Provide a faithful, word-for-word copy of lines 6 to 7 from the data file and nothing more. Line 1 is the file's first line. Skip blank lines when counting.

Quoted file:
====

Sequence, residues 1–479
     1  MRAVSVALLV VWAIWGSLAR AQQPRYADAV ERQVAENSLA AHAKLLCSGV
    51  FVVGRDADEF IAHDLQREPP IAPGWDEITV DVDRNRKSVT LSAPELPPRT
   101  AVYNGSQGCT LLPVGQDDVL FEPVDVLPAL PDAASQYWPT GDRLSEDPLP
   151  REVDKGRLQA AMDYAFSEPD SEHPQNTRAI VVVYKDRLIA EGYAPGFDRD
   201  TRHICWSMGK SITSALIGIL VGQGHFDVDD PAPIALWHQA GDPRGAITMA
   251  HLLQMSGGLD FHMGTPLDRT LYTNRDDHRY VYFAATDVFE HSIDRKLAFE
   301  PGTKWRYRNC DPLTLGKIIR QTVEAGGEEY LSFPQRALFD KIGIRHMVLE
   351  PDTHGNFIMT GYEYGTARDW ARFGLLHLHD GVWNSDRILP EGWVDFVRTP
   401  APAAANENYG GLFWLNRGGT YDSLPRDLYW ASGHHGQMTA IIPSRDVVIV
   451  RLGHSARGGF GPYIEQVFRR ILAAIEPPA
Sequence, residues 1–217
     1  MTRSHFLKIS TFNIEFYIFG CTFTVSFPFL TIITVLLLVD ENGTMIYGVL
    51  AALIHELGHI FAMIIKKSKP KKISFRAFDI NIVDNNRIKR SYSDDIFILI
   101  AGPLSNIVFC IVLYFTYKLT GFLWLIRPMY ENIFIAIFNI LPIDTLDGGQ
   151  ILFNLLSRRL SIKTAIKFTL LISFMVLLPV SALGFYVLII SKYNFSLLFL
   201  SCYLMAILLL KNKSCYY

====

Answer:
   201  TRHICWSMGK SITSALIGIL VGQGHFDVDD PAPIALWHQA GDPRGAITMA
   251  HLLQMSGGLD FHMGTPLDRT LYTNRDDHRY VYFAATDVFE HSIDRKLAFE